The Fallacy of Zionism as Racism
The Fallacy of Jewish Colonialism and Zionism as Racism
The views expressed below are solely the views of the author, and do not represent the views of any organization.
On college campuses, Zionist used to be an uncontroversial adjective that almost all Jews were not only proud to apply to themselves, but also had a firm grasp of its meaning. Though many Jews continue to identify themselves with Zionism, many others distance themselves from the movement and see it in a negative light. In 1975, the United Nations adopted resolution 3379 which equated the Zionist outlook with racism. The charge of racism was closely tied to the idea that the Zionist movement is imperialist in nature. Due to how contested this issue is, it is perhaps appropriate to have a brief overview of Zionism’s history and meaning.
Before the Bar Kochba Revolt against the Roman Empire in 135 CE, most Jews resided in what is known as Israel and the disputed territories. After the Romans crushed the second revolt, they forced the majority of Jews into exile. Despite this, there remained a small population of Jews in key cities in Eretz Israel from that time to this day. Until the 19th Century, the idea of returning to Israel was viewed in more metaphorical terms, not because the Jews no longer wished to live in their homeland, it was rather a matter of practicality; moving halfway across the world is not easy now, and was certainly not a trivial task in the past.
The current manifestation of the Zionist movement was born out of an increase in anti-Semitism in 19th century Europe. Early Zionist thinkers sought to create an environment that would make possible the transformation of the weak, persecuted Jew into the “new Jew.” This “new Jew” as envisioned by these thinkers, was not some racially superior being. Rather, this Jew would be nothing but normal, like all the other peoples of the world; capable of defending himself/herself and working his/her own land. From this, one can see that Zionism was not centered on the belief of Jewish superiority. Nor was the movement made to degrade non-Jews.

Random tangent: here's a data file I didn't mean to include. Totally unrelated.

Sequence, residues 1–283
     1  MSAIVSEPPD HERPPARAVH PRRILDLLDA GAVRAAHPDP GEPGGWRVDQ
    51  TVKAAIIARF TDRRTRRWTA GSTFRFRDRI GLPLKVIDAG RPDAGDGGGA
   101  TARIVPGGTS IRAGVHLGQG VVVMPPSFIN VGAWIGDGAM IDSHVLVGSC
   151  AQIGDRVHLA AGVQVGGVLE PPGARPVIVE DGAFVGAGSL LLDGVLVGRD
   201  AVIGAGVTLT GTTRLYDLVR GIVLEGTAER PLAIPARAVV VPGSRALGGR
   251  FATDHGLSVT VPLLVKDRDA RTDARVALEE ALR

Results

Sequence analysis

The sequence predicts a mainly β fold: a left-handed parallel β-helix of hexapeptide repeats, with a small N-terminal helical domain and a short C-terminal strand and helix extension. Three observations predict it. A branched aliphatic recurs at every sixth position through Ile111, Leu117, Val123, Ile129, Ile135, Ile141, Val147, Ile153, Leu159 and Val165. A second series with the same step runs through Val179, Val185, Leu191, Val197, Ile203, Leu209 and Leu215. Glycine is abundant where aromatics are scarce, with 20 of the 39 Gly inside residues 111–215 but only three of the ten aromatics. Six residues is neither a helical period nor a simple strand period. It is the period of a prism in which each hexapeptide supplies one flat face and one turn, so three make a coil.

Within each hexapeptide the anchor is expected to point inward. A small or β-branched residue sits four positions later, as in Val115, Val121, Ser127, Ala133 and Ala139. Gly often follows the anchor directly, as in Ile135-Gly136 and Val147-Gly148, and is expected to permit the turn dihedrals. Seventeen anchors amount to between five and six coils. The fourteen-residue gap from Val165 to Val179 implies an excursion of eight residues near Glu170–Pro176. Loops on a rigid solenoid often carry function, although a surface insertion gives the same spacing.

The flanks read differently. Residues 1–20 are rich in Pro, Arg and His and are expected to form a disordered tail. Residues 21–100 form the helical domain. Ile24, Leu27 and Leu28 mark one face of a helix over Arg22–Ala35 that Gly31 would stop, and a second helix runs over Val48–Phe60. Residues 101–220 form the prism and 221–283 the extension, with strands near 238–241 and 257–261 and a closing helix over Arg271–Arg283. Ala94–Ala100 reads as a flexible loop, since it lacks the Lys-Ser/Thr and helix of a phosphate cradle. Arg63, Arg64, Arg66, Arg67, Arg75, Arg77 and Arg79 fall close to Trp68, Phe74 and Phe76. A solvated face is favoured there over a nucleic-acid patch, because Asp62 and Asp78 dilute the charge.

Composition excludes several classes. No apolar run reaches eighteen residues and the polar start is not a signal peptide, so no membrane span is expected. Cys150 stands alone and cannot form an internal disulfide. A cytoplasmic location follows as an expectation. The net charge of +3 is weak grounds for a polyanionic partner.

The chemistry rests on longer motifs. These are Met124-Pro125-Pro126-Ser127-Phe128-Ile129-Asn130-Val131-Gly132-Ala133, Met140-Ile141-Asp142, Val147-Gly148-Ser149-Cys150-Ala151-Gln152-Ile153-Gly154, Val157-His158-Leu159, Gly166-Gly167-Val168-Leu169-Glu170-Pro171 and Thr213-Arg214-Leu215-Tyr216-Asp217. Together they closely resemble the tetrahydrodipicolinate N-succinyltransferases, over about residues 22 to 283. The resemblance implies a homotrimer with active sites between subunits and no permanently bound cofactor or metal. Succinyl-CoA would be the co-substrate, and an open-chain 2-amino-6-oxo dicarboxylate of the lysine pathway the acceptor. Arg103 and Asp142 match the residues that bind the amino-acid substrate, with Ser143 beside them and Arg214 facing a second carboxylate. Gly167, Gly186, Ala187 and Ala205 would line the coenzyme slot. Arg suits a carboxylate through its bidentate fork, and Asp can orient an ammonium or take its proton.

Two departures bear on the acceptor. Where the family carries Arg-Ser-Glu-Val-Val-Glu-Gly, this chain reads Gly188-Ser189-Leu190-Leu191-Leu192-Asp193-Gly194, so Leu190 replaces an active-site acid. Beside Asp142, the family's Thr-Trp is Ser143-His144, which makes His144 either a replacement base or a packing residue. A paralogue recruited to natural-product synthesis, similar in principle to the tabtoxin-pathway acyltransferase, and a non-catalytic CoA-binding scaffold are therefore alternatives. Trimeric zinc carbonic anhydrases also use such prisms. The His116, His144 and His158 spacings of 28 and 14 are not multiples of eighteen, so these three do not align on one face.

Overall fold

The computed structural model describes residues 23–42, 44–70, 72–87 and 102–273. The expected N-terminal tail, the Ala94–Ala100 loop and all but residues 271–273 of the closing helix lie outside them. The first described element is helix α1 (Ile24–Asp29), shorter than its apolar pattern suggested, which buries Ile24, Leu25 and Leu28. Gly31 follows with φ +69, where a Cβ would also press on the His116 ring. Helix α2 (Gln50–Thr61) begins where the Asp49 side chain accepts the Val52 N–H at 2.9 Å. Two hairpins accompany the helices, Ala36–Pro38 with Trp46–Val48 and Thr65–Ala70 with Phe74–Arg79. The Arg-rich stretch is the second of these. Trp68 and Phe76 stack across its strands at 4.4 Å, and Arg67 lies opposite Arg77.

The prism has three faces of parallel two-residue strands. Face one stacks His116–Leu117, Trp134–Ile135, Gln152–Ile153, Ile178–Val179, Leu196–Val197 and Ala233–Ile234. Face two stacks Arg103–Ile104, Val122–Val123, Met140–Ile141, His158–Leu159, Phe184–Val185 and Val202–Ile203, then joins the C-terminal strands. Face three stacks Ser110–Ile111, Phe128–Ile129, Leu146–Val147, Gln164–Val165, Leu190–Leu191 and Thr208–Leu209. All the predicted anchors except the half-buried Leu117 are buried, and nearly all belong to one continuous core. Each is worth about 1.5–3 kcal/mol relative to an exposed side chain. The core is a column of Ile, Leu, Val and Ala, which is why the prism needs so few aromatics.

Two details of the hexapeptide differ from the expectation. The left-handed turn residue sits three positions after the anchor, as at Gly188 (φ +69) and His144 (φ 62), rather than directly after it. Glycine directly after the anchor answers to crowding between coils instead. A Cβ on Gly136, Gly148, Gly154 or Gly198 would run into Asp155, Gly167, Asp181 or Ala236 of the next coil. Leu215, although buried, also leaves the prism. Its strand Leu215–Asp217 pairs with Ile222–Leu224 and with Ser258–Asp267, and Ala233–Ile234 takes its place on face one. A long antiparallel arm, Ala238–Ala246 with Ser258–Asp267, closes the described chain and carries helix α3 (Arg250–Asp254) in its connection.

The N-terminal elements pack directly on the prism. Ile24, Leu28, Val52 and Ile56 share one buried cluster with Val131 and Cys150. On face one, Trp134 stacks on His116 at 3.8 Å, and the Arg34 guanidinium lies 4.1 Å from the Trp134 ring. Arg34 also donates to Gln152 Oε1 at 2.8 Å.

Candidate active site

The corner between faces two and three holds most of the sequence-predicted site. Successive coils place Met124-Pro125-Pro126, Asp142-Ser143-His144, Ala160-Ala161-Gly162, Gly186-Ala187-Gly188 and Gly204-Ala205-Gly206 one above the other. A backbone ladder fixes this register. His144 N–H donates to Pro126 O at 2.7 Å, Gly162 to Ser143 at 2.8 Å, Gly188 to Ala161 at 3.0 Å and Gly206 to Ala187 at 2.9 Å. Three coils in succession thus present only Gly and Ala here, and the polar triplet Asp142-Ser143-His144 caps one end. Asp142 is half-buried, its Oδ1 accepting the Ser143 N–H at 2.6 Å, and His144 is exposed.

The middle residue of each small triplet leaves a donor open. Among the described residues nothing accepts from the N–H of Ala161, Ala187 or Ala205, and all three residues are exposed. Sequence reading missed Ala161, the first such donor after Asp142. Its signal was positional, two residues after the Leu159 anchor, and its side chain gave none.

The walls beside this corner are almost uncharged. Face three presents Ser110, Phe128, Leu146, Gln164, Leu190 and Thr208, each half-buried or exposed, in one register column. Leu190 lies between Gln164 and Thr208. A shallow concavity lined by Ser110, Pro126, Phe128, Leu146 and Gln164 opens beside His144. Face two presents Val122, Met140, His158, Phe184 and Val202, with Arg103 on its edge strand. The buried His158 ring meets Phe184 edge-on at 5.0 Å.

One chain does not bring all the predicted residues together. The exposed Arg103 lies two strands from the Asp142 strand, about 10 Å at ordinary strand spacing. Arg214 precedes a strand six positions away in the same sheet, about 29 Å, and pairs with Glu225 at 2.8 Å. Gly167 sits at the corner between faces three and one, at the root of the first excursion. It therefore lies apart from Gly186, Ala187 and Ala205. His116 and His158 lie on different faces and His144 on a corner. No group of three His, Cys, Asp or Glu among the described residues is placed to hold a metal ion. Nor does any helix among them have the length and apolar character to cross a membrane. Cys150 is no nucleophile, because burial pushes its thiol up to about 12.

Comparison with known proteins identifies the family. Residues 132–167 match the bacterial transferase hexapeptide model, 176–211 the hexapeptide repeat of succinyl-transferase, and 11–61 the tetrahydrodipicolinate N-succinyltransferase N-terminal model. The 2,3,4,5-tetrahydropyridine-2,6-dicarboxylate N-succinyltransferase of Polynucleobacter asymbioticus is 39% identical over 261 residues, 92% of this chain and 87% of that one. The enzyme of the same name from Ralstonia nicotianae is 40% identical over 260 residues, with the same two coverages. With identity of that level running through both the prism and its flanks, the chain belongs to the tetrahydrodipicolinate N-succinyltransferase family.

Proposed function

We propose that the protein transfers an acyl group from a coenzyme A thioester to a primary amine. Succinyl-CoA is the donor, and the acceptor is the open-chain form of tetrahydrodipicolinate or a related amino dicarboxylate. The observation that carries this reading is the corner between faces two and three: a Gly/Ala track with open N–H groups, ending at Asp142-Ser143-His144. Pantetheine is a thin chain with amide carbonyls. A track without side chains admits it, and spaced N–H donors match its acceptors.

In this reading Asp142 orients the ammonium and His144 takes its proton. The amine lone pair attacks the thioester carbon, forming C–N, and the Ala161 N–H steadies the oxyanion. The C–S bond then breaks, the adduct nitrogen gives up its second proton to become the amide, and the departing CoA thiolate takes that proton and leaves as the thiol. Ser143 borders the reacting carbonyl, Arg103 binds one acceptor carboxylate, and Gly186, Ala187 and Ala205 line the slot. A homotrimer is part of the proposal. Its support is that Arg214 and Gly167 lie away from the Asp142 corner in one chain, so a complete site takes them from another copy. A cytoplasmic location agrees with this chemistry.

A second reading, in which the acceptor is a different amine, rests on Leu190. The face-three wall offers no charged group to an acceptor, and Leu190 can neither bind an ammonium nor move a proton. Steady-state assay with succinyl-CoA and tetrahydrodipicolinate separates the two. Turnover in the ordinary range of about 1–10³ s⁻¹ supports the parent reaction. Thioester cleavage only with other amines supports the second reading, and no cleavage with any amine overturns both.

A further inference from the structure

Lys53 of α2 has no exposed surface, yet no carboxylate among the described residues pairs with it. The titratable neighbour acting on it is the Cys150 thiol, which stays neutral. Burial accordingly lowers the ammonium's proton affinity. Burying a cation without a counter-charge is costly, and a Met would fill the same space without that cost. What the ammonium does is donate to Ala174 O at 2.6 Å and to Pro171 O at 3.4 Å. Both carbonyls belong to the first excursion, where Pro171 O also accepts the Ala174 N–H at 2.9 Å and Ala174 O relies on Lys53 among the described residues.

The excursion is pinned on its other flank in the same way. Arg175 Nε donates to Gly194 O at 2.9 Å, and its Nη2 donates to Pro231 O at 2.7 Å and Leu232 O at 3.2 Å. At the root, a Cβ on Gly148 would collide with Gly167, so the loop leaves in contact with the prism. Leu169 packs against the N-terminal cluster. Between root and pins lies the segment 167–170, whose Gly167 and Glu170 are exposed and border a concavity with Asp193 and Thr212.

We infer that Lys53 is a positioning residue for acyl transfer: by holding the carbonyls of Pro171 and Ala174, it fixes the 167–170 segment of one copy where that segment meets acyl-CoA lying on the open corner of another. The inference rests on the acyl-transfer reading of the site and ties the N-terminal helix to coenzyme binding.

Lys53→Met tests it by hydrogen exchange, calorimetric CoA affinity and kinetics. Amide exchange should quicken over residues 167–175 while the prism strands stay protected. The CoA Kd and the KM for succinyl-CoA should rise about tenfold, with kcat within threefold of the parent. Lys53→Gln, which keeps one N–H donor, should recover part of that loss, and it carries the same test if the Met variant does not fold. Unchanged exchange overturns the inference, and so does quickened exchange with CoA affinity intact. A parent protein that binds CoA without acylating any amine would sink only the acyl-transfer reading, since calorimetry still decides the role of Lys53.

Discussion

Most early Zionist pioneers in what at the time was called Palestine (a name fist created by the Romans in an attempt to erase Jewish heritage after the second revolt) actually had a very harmonious if not utopian vision of how the Jewish community would interact with their Arab neighbors. For complex reasons, this utopian vision did not pan out and the newly born Jewish state found itself surrounded by a hostile group of countries unwilling to live with any Jewish presence in the Middle East lest the Jews give up all claims to land and live as second class citizens at their whim. And that’s the best possible outcome had the young state lost the war of independence. Many of the leaders who fought Israel in that war promised a war of extermination that would dwarf the Mongol massacres.
Now to address the notion that Zionism is a manifestation of European imperialism. It is true that many Jews who immigrated to the state of Israel came from Europe. Yet one must not forget that a significant potion of Israel’s population constitutes Jews that came from many countries in the orient. Even the Jews that came from Europe, however, cannot be seen as colonialists for two main reasons. The first is that a colonial power must have a base from which it sends its people to colonize a foreign land. Until Israel, the Jews had no country of their own. Secondly, it is not possible for a people to be foreigners in their own homeland where their people first emerged. Though I am religious myself, I do not take the Torah as proof that Jews originated in the land of Israel. Thankfully, archaeology and genetic testing has helped indicate two things. The first is that Jews lived in Israel in ancient times. The second being that today’s Jews, with a few exceptions, are the descendents of those ancient Jews.